Why Did Tomblin Prevail in Special Election Despite GOP Efforts?

Earl Ray Tomblin narrowly defeated his Republican rival in last night's gubernatorial special election. What factors are contributing to the state's Republican resistance?
by , | October 5, 2011

Last night, West Virginia Democrats demonstrated their ability to hold back national Republican tides in their working-class conservative state, as Democratic Gov. Earl Ray Tomblin narrowly defeated Republican businessman Bill Maloney for the right to fill out the remainder of the gubernatorial term initially won in 2008 by Joe Manchin, another conservative Democrat.

Tomblin -- a veteran legislator who secured the backing of both business and labor groups -- ended up winning, 50 percent to 47 percent, despite a barrage of television advertisements in the state’s Republican-leaning eastern panhandle that seeked to link Tomblin to President Barack Obama’s health care plan.

National Republicans had hoped that the investment on behalf of Maloney -- including a reported $3.4 million spent by the Republican Governors Association, much of it for ads in the expensive Washington, D.C. market -- would enable them to bring down a Democrat in a state where Obama won only 43 percent of the vote in 2008. That was the same percentage as John Kerry had won four years earlier -- and likely more than Obama will win in the state when he runs for a second term in 2012. Obama’s approval ratings in West Virginia -- which are hovering around 30 percent -- rank among his worst anywhere in the country.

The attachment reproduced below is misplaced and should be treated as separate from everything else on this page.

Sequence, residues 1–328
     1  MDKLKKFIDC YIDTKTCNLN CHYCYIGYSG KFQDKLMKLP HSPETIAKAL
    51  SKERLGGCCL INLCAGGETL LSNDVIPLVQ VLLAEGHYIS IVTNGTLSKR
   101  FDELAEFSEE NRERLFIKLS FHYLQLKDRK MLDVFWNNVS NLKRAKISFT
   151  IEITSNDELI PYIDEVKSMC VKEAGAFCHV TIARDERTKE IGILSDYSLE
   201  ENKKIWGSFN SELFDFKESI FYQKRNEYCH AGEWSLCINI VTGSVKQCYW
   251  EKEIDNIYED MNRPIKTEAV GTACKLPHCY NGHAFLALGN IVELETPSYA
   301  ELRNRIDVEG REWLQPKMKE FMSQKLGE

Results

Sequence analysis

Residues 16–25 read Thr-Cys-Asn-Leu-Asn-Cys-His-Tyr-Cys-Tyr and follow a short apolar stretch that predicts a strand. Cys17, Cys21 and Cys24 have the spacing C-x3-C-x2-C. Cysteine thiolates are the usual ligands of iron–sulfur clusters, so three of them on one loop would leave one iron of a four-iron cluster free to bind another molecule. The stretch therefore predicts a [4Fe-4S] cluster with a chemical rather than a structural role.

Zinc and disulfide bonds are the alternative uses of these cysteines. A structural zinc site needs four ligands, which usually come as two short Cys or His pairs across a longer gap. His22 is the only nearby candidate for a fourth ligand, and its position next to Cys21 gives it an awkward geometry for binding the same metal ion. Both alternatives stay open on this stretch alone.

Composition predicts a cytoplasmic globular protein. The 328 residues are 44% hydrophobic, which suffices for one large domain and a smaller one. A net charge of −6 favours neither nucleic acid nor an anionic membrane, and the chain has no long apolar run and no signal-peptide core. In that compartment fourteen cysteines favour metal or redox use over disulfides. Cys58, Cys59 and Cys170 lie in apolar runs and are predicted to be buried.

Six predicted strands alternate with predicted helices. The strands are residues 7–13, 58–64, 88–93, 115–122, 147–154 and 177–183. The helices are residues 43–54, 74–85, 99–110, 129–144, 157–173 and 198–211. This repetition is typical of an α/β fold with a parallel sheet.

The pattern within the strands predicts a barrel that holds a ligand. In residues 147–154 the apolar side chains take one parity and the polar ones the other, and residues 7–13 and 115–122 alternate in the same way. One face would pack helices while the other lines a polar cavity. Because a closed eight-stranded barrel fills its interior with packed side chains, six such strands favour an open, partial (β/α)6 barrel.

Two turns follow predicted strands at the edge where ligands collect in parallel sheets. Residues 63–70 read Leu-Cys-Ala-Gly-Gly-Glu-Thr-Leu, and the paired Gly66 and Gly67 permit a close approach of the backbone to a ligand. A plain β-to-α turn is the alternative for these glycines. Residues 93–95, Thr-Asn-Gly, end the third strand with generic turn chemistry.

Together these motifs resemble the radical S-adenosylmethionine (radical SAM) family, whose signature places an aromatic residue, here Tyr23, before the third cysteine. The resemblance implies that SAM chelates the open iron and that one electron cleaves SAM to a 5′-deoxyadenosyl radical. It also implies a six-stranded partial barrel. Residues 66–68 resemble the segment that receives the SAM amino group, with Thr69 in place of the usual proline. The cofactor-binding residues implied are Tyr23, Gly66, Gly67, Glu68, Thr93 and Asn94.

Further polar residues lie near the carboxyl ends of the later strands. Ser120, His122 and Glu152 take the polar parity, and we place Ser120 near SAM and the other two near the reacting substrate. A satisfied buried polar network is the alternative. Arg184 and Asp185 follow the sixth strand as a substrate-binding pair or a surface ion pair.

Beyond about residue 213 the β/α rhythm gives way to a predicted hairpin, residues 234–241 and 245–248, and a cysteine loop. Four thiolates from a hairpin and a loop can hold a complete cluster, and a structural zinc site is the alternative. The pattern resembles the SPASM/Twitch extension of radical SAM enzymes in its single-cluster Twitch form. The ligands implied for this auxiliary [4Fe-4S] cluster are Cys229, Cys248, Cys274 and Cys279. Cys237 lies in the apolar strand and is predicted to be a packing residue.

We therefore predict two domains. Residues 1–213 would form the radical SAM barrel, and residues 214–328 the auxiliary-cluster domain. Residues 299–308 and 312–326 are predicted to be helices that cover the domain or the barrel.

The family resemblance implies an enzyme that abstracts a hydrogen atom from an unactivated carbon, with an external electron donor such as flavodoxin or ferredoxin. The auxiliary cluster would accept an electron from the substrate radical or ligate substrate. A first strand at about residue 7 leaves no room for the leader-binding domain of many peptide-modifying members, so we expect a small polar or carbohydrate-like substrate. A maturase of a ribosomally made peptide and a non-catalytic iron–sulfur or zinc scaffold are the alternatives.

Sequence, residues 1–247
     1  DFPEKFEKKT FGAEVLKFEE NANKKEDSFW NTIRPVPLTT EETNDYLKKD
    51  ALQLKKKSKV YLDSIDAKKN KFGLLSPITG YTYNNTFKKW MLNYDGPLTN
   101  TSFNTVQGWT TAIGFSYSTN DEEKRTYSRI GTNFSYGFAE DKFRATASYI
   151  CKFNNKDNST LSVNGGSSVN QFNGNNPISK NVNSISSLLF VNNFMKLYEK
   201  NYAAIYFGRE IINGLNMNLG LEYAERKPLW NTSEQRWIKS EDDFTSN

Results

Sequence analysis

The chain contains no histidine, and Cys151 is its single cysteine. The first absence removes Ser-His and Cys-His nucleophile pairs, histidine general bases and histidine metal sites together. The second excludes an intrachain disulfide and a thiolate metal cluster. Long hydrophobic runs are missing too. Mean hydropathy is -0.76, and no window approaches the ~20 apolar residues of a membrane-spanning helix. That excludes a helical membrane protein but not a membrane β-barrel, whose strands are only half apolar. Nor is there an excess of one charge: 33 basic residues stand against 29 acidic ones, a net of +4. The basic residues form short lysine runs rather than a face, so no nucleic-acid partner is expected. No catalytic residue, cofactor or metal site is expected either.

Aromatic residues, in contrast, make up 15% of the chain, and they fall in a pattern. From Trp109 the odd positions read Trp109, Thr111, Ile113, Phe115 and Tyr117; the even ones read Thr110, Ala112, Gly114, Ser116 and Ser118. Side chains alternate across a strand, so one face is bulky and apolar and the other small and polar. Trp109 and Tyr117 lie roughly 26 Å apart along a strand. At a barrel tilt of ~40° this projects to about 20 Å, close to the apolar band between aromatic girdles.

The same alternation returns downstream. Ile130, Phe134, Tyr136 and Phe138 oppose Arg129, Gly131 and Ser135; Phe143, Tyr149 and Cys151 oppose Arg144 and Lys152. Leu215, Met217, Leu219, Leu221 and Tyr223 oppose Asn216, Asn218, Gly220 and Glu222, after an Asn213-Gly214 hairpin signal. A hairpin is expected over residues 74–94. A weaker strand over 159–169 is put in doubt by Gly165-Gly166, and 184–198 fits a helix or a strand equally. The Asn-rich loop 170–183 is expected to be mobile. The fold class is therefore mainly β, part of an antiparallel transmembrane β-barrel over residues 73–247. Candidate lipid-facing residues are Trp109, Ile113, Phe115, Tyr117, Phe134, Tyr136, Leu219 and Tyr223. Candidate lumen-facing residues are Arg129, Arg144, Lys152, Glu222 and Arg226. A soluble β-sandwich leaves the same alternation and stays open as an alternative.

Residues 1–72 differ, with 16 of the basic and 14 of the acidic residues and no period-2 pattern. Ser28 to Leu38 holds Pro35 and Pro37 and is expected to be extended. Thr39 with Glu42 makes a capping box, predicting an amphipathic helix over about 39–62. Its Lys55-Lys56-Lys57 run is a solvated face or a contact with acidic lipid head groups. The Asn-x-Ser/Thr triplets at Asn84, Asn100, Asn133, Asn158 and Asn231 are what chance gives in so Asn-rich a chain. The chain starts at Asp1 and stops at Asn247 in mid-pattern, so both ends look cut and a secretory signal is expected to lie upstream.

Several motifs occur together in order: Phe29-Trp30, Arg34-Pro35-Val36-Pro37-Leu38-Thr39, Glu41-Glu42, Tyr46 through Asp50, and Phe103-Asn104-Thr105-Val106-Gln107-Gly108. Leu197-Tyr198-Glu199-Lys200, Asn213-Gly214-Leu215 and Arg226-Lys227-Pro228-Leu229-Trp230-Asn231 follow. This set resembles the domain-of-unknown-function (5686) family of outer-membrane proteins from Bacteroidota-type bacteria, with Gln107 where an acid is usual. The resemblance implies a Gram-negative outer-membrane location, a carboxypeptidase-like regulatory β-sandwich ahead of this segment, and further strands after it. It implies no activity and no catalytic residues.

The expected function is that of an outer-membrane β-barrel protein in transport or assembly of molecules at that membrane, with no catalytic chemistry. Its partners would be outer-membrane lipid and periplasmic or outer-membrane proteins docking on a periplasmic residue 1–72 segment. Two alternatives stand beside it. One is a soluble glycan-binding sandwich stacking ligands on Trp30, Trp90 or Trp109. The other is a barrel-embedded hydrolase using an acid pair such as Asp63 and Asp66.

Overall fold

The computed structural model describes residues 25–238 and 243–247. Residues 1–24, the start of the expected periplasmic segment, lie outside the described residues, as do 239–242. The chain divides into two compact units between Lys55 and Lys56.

But while Maloney did win additional votes in the areas targeted by the flurry of anti-“Obamacare” ads, they weren’t enough to close the gap statewide. Tomblin’s margin ended up being narrower than the 53 percent-43 percent victory Manchin achieved in his 2010 Senate bid, which also came amid an awful environment for Democrats, and against a Republican nominee who was a wealthy businessman, John Raese. But Tomblin managed to hold on even as pre-election polls showed a vanishing lead for the incumbent.